VT PYO Blueberry Farm Resource
It is fairly obvious how the blueberry received its name, but just for the record, it’s due to the blue coloring of the fruit. Blueberries were first appreciated by the Native Americans, who would dry them for much needed nutrition in the long, hard winter months. They were also used to heal various maladies such as morning sickness, headaches and coughs. The first time these precious little berries were commercially harvested was during the Civil War, when they were canned and sent to Union soldiers. Ask us about Vermont PYO Fruit or share comments. Feature your business, contact VTLiving.
Vermont PYO Blueberry Fruit Farms
Allen Brothers Farms, 6023 US Route 5, Westminster, VT 05158 | 802-722-3395
We are a uniquely Vermont combination of practical and beautiful. We have an inhouse bakery featuring cider donuts, pie, cakes and cookies , a deli with signature Mac & Cheese, pizza and other warm options as well as made to order sandwiches, a country store filled with local Vermont products, locally grown seasonal produce with our own apples, corn, strawberries, and squash and pumpkins, a gas station, a nursery and garden center. Come and see what we have for you at exit 5 off I-91, easy off and on
Visit Allen Bros. Farms Website
The Dutton Berry Farmstands and Greenhouse, Route 30, Newfane, VT, Routes 11 & 30 in Manchester, VT, and Route 9 in West Brattleboro, VT | 802-365-4168
Dutton Berry Farmstands are well known for their Vermont grown produce and other unique local products. Fresh picked apples straight from our orchard are available throughout apple season. Stop in and pick up a jug of Dutton Berry Farm's fresh made apple cider, made from our home grown apples. Whether it is fresh farmer-grown fruits and vegetables, cider, Vermont maple syrup or plants, you'll enjoy visiting a true Vermont farm experience.
Visit Dutton Berry Farmstands- VT
Yates Family Orchard, 1074 Davis Road, Hinesburg, VT 05461 | 802-373-7437
Come pick 23+ different apple varieties, pears and plums! Visit the orchard stand for delicious, hot, out of the fryer, cider donuts, and baked goods. Try all-natural Vermont made creemee ice cream, raw pressed cider, and other yummy orchard treats. Shop for Vermont local raw honey, maple syrup, orchard made jams, Mt Mansfield Creamery cheeses, Eden Specialty ciders, locally grown mums, pumpkins, and veggies. Discover other Vermont products and artwork for sale. Bring a picnic, stay the afternoon and relax in the scenic beauty of the orchard. Open September through November everyday.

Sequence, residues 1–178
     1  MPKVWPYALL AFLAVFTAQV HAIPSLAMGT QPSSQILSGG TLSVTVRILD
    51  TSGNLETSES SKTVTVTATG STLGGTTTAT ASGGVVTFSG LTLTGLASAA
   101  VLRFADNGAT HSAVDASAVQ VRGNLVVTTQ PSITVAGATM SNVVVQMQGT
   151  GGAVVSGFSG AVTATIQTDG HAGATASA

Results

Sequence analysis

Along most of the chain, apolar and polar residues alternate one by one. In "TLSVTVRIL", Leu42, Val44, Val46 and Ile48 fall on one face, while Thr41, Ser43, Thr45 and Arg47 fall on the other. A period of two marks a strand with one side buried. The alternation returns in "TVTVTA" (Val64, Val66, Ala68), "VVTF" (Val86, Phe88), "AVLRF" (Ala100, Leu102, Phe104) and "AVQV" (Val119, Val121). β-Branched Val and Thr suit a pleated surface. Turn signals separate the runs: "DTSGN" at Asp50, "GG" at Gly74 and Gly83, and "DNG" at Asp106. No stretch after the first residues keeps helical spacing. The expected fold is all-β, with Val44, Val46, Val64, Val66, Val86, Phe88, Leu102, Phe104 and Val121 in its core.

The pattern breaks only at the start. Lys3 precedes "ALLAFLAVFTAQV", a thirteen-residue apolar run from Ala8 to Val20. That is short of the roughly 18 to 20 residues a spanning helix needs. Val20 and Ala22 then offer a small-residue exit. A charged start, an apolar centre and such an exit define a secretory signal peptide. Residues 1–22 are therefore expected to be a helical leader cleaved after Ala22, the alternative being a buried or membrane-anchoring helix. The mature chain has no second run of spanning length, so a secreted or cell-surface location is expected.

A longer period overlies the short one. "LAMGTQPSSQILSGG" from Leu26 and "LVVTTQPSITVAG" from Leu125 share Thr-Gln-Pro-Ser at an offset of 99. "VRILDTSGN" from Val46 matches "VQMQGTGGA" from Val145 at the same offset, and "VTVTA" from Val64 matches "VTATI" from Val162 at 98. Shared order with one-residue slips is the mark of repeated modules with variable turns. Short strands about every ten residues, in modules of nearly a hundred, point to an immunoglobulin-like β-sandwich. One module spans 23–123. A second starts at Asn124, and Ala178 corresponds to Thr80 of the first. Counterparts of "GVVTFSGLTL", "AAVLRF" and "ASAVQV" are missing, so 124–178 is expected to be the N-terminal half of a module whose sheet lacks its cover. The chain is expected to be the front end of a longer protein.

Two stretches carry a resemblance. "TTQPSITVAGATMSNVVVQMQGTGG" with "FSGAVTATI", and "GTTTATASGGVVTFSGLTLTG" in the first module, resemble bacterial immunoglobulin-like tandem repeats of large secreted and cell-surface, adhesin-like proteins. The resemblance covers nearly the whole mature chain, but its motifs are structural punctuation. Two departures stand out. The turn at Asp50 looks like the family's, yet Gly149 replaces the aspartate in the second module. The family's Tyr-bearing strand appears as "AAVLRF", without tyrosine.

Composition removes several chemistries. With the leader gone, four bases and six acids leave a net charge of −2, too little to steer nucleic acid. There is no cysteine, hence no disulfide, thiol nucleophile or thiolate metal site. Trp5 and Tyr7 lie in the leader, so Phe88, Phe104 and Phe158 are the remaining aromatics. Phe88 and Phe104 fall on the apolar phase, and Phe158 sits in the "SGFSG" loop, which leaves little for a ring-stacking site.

Visit Yates Family Orchard - Hinesburg
The domestication of the blueberry was accomplished by Dr. Coville, who was a USDA researcher experimenting on wild blueberries in an attempt to cultivate them. The first blueberry plants that he chose to experiment on were from Greenfield, New Hampshire.
Wild blueberries are smaller than their cultivated counterparts, and have a more intense, tangy-sweet flavor. The wild crops have the advantage of a broad range of variations which provide their distinctive flavor. Wild blueberries are often referred to as lowbush blueberries, while the cultivated berries are referred to as highbush blueberries. Cultivated blueberries are mostly hybrids, thus allowing more successful growth in other parts of both the United States and the rest of the world.
The first highbush blueberries to be planted in Vermont were done so in 1948. That first blueberry farmer initially planted only a couple of rows because he was unsure how they would do in the Vermont soil. By 1950, as many as four different varieties were being grown in the Green Mountain state, and in 1963, the second commercial planting of highbush blueberries was successfully accomplished. It was in Putney, Vermont where cultivated blueberries got their start, and Putney is still known today as Vermont’s blueberry capital.
While blueberries are grown everywhere in the state, different varietals are grown in different areas. Which ones are grown where depends entirely upon the weather. The soil is also an important factor in a blueberry bush’s health, because blueberries need highly acidic soil to survive. Some varities require more acidic conditions than others, and the blueberry farmer makes the final decision on what type to grow in his region.
Blueberry harvesting season starts in early or mid-July, and runs through mid-September each year. Exactly when the berries will be ripe depends upon several factors, including weather conditions, rainfall and seasonal temperature averages. Before heading out to your nearest blueberry farm, be sure to call the farm and verify that the blueberries are indeed ripe and ready to pick.
Try Some Great Blueberry Recipes:
- Blueberry Crisp
- Fresh Blueberry Pie
- Fresh Blueberry Sauce
- Blueberry Buckle Coffee Cake
- New England Blueberry Cake
- Old Style Blueberry Jam
- AND MORE